Sunday, June 3, 2012

An overflowing trough...and accompanying disincentives to land stewardship

A trough that overflows is the image Robert Semple, Jr., conjures in his editorial (by the same name) in today's New York Times.  In it, Semple argues that the current version of the next generation farm bill replicates the problems long associated with the farm bill:  it supports fat cat farmers while doing too little to help small-scale farmers.  Semple makes references to "rural" and "small town" in the opening paragraph, but does not return to these concerns expressly later in the piece.  He makes no mention of rural development funds, which have always been a proverbial drop in the farm bill/USDA bucket.

What Semple focuses on is how federally subsidized crop insurance is increasingly replacing direct payments (a/k/a subsidies).  The lede to Semple's editorial follows:
Every five years or so, Congress promises a new, improved farm bill that will end unnecessary subsidies to big farmers, enhance the environment and actually do something to help farmers and small towns.  But what it usually does is find ways of disguising the old inequities, sending taxpayer dollars to wealthy farmers, accelerating the expansion of industrial farming, inflating land prices and further depopulating rural America. 
Semple goes on to explain how the new farm bill fails to respond to environmental concerns, perhaps even aggravating them.  He concludes by hitting hard on the bill's likely environmental consequences, given that the new focus on federally subsidized crop insurance does not depend on keeping some land fallow; nor does it require farmers not to drain wetlands.  Semple concludes:
Enriched by high prices (at least for now), cosseted by inexpensive insurance, relieved of their environmental obligations, farmers could well be inclined to start planting from fence line to fence line.  That would be a severe blow to the American landscape.  
The "fence line to fence line" comment reminds me of this passage from Wendell Berry's Jayber Crow, just one of several in which Berry contrasts two men's approaches to farming to illustrate conflicting views of "progress" and the "good life."  The two men, Athey Keith and his son-in-law Troy Chatham, are residents of Berry's fictional Port William, Kentucky:
What I do know is that [Athey] used his land conservatively.  In any year, by far the greatest part of his land would be under grass--for, as he would say, "The land slopes even in the bottoms, and the water runs."  He was always studying his fields, thinking of ways to protect them.  He was doing what a lot of farmers say they want to do:  he was improving his land; he was going to leave it better than he found it.  I know too that his principle was always to maintain a generous surplus between his livestock and the available feed, just as between the fertility of his land and his demands upon it.  "Wherever I look," he said, "I want to see more than I need, and have more than I use."  And this is a principle very different from what would be the principle of his son-in-law, often voiced in his heyday:  "Never let a quarter's worth of equity stand idle.  Use it or borrow against it."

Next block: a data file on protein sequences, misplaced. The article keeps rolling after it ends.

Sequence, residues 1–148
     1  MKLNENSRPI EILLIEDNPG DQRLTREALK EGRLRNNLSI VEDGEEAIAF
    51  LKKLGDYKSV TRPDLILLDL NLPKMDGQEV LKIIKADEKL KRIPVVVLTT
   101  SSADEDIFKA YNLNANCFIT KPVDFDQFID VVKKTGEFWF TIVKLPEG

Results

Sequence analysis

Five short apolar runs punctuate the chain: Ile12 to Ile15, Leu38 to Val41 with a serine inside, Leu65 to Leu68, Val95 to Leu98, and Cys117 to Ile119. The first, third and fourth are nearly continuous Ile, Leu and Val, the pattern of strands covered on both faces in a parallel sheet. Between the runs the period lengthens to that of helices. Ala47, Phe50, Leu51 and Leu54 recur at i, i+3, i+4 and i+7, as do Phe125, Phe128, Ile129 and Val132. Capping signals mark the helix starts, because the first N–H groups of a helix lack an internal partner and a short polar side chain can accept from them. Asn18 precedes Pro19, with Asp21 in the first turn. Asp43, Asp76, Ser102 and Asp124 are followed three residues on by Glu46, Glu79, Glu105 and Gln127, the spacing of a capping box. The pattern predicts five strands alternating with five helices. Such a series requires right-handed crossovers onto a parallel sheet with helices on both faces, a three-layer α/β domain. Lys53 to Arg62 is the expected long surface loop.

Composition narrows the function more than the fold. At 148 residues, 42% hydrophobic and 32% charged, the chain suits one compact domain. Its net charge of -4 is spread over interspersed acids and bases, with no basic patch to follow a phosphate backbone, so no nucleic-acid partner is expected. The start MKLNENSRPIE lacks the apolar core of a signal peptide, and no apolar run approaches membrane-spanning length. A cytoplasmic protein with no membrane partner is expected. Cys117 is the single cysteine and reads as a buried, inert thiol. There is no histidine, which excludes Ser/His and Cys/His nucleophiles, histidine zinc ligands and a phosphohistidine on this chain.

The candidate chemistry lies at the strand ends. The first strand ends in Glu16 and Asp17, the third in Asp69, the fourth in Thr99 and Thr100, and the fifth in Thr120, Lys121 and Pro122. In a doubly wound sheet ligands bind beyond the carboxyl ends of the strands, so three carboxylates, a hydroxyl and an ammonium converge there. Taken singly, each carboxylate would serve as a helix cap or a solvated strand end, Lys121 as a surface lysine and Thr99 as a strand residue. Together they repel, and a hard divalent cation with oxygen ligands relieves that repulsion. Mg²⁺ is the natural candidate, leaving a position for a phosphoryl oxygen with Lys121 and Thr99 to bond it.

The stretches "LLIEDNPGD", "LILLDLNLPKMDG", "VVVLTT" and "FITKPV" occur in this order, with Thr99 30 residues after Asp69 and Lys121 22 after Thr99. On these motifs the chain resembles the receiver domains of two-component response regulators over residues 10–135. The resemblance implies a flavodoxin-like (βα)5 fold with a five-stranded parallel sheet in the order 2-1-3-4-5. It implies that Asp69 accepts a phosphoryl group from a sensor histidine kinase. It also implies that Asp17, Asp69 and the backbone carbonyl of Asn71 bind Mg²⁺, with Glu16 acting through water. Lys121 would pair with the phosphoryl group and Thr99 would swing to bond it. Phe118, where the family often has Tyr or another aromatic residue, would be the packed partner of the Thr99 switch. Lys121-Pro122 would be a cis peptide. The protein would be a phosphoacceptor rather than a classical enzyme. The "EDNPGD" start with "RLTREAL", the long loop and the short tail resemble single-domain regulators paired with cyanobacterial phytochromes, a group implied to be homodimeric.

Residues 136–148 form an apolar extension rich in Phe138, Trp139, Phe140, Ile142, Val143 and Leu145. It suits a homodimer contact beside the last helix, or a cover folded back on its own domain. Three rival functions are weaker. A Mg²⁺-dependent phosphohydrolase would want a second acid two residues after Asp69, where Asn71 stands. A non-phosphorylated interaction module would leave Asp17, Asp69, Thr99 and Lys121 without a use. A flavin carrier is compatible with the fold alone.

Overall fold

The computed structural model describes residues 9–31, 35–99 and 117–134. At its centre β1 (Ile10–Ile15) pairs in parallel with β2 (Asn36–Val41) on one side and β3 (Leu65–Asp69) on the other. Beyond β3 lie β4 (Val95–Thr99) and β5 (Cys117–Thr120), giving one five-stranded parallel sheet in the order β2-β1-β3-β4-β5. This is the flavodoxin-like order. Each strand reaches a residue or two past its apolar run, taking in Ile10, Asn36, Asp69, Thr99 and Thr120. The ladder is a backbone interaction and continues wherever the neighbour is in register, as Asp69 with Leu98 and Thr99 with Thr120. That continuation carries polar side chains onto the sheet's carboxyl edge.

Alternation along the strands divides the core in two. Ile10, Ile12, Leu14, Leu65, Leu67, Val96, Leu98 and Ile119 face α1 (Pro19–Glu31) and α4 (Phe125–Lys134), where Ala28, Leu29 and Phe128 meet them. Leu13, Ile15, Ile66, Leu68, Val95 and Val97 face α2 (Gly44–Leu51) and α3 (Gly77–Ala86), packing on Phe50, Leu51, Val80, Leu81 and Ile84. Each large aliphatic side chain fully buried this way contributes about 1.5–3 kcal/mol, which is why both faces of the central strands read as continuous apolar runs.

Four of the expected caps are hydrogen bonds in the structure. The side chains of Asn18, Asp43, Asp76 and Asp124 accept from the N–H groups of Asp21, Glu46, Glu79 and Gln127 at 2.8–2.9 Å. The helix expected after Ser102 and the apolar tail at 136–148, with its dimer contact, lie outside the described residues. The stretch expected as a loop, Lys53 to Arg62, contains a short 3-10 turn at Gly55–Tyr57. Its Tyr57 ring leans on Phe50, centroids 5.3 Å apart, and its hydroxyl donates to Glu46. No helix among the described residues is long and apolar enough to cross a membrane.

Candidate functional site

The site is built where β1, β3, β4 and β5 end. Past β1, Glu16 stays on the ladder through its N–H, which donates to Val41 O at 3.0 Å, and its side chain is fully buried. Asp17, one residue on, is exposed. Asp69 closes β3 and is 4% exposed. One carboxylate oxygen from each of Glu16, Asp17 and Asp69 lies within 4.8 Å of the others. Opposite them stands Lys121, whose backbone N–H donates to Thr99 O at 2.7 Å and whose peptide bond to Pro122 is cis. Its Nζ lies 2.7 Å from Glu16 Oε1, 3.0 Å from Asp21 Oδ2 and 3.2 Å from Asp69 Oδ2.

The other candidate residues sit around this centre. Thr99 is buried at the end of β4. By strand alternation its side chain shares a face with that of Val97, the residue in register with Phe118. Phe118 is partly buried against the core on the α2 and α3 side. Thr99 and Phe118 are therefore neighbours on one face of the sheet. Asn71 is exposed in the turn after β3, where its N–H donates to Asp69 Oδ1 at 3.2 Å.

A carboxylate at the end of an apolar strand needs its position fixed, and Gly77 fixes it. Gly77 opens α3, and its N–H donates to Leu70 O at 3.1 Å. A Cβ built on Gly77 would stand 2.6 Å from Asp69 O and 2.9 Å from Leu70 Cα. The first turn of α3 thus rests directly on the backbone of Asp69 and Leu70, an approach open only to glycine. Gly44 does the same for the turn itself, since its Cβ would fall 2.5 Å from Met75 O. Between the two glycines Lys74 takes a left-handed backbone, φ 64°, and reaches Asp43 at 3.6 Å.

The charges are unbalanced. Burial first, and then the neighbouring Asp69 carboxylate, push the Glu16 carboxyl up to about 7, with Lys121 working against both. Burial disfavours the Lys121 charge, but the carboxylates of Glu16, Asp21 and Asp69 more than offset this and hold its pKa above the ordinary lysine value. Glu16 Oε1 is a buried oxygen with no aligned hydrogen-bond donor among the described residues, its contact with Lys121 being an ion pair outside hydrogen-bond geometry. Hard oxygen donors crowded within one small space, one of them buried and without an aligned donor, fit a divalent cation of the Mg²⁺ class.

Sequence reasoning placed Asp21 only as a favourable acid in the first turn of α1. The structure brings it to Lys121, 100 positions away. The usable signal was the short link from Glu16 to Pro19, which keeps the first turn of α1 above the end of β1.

Athey said, "Wherever I look, I want to see more than I need."  Troy said, in effect, "Whatever I see, I want."  What he asked of the land was all it had.  He had hardly got his first crop in the ground when he began to say things critical of Athey and his ways.  "Why, hell!" he would say, "it's hard to tell what that old place would produce if he would just plow it." Or:  "Why the hell would a man plow just forty acres of a farm when he could plow all of it?"  He would say these things leaning back in his chair, his ankle crossed over his knee, his foot twitching.  He was speaking as a young man of the modern age coming now into his hour, held back only by the outmoded way of his elders.  
Athey was not exactly, or not only, what is called a "landowner."  He was the farm's farmer, but also its creature and belonging.  He lived its life, and it lived his; he knew that, of the two lives, his was meant to be the smaller and shorter.  
Wendell Berry (with Wes Jackson) wrote this op-ed about the farm bill in the New York Times several years ago.

The photo above is of a farm in Witts Springs (Searcy County), Arkansas, May, 2012.  I offer it up as an example of place that will probably get very little benefit from the farm bill. Searcy County is a persistent poverty county, and Witts Springs is not even a Census Designated Place.  The community appears mostly reliant on an agricultural economy, principally cattle.  It sits on a ridge in the Boston/Ozark Mountains, about 16 miles from the county seat, and would presumably benefit from  rural development funds.  The U.S. Post Office at Witts Springs was until recently on the chopping block (read more here and here), and its K-12 school closed several years ago.  I would be very surprised if any farmers in Witts Springs are receiving USDA money, in part because of the size of farms, in part because of what is produced (mostly livestock).  One way the community does benefit from the farm bill:  lots of folks eligible for SNAP (formerly food stamps) benefits.  Another photo from Witts Springs is featured in this post.

P.S. Here is a story in the June 7, 2012 New York Times re the cost of the government subsidized crop insurance included in the new farm bill.  It details how rising crop prices have led many farmers to plant land that is prone to flooding--and to plant from fence row to fence row, even "where the land slopes and the water runs."  In North Dakota alone, the Times reports, nearly a million acres have become cropland since 2007.  South Dakota has lost nearly a half a million acres of grassland to farming.  Read more of the story at risk of depression.

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